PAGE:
CARF P-47 Thunderbolt Razorback
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Now made with more details in brand new molds…
A Giant Scale, All Composite WWII Fighter Without Compromise.
There are two versions of the P-47 Thunderbolt out there, both very popular. One is the bubble canopy version, which had been created in the later days of the 2nd World War, so that the pilot had a better all-around view. But the real, characteristic Thunderbolt, built by the thousands, seen all over Europe during the war, was the so called “Razorback”. In homage to this historic aircraft, CARF Models has reproduced the P-47D “Razorback”.
Basically, we have started out with a thorough research and a precise CAD design, bringing several drawings and plenty of photos into one authentic creation of lines and shapes. We sized it all around the Moki 250 radial engine, always keeping in mind to stay safely below 25 kg flying weight. This resulted in a wingspan of 280 cm, respectively a scale of 1: 4.5, and an overall weight of 22-24 kg, depending on the equipment used and the detail added.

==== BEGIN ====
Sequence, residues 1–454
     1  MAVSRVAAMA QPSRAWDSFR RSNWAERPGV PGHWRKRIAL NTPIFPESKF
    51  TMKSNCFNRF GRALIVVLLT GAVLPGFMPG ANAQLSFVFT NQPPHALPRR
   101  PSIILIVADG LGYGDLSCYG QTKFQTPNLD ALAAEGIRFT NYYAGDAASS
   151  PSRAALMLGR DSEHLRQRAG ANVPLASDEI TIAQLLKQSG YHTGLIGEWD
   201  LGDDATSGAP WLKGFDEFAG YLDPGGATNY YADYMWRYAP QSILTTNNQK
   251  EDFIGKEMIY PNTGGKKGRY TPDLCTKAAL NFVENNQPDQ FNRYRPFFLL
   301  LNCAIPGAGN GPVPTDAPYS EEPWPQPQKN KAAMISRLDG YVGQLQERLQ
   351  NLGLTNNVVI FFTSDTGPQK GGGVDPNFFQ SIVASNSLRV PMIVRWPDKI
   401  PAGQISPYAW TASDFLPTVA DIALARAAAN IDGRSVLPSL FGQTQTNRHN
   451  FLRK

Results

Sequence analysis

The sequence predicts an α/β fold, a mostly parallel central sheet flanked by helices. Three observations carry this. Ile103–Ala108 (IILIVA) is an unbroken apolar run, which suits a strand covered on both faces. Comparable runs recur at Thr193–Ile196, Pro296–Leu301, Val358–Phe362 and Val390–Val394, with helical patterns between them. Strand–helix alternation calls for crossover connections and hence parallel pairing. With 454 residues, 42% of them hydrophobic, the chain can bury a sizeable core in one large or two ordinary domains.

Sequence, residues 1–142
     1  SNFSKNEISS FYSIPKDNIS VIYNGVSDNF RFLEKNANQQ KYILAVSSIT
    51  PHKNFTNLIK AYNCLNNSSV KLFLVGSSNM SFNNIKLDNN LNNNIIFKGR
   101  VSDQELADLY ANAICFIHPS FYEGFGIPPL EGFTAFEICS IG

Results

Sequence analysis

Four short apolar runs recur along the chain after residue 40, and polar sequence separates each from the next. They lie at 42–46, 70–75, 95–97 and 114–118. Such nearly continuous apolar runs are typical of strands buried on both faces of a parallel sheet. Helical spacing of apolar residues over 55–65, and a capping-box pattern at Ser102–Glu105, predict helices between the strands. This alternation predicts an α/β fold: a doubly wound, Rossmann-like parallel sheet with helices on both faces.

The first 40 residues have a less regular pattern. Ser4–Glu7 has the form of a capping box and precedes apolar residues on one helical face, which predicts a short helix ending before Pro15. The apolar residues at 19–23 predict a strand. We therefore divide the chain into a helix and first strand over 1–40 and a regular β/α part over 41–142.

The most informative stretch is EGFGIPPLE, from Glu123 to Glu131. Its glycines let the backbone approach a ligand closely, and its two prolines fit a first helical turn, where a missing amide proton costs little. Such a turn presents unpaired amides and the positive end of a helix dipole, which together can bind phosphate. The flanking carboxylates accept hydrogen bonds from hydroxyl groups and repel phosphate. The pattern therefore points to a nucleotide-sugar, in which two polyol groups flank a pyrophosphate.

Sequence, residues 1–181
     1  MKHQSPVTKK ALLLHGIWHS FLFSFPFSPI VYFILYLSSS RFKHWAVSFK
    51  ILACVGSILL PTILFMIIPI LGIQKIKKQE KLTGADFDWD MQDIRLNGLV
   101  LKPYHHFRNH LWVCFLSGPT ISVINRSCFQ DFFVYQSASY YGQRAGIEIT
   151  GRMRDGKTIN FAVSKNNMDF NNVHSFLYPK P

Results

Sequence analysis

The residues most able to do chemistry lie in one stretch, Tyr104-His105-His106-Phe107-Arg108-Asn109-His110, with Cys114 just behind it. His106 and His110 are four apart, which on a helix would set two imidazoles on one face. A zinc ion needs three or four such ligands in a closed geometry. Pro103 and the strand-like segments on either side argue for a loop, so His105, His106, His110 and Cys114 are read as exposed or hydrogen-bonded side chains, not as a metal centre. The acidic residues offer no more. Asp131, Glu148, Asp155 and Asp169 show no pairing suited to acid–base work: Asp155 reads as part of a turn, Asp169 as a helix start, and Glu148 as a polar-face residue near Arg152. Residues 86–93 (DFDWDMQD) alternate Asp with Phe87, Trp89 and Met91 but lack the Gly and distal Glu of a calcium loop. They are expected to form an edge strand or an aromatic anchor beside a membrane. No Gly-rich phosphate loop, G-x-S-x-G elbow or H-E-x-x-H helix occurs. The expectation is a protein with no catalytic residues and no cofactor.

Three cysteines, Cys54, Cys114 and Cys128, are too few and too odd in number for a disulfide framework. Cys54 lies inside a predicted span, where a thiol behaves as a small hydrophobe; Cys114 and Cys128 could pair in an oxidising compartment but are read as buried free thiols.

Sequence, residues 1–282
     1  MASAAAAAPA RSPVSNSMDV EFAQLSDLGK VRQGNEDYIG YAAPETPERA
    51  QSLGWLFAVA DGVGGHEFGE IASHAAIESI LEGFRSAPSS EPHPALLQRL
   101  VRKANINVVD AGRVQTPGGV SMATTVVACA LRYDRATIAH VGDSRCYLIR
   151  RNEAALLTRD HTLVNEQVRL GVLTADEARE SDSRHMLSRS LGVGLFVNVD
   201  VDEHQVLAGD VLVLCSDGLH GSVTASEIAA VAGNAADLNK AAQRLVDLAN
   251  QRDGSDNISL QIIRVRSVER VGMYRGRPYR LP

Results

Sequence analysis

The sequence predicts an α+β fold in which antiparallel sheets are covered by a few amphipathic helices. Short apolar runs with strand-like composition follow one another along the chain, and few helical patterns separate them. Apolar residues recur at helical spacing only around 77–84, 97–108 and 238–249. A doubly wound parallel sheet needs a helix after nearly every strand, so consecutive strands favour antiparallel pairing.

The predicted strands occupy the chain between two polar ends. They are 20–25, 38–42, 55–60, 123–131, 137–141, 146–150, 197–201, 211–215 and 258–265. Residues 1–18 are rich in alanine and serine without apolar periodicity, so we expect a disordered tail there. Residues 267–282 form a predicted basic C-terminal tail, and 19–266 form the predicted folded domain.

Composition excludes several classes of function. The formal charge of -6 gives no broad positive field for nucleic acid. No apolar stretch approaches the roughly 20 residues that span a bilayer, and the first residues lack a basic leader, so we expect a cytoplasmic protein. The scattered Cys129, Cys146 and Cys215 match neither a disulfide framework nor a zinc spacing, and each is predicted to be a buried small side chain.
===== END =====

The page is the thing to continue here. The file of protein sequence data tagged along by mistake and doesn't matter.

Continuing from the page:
Initially, due to the complexity of the aircraft and the experience with our F4U-1D Corsair, we will offer our P-47 as an ARF plane only. All parts are composite, with silver surface and panel lines and rivets molded in.
Basically, all composite parts are prefabricated to the highest possible level. It’s only left for you to install servos and linkages to the already installed control horns, and bolt on your engine. Lets show you through the contents of the ARF version, which will take your breath away.
A scale landing gear with pneumatic extending main struts, compression link for shortening during retraction, and a steerable scale tail gear is available as well as the almost scale sized, absolutely impressive 4 blade prop with our alu hub and 30” carbon blades.
Long before “super-sizing” became synonymous with American culture, Republic Aircraft unveiled the P-47 Thunderbolt. An Alexander Kartvelli design, the P-47 was the largest single seat fighter aircraft of WWII. With eight .50 caliber machine guns and provisions for bombs, rockets and drop tanks, fully loaded, the Thunderbolt could weigh as much as 8 tons!
Although the obvious lineage to previous Kartvelli designs, the P-35 and P-43, is apparent, the P-47 was a completely new and much larger aircraft built to accommodate the most powerful piston engine at the time, the Pratt and Whitney R-2800 radial. In typical Kartvelli fashion, form followed function as the engine’s turbo-supercharger was buried in the belly of the beast, thus, creating its characteristic profile.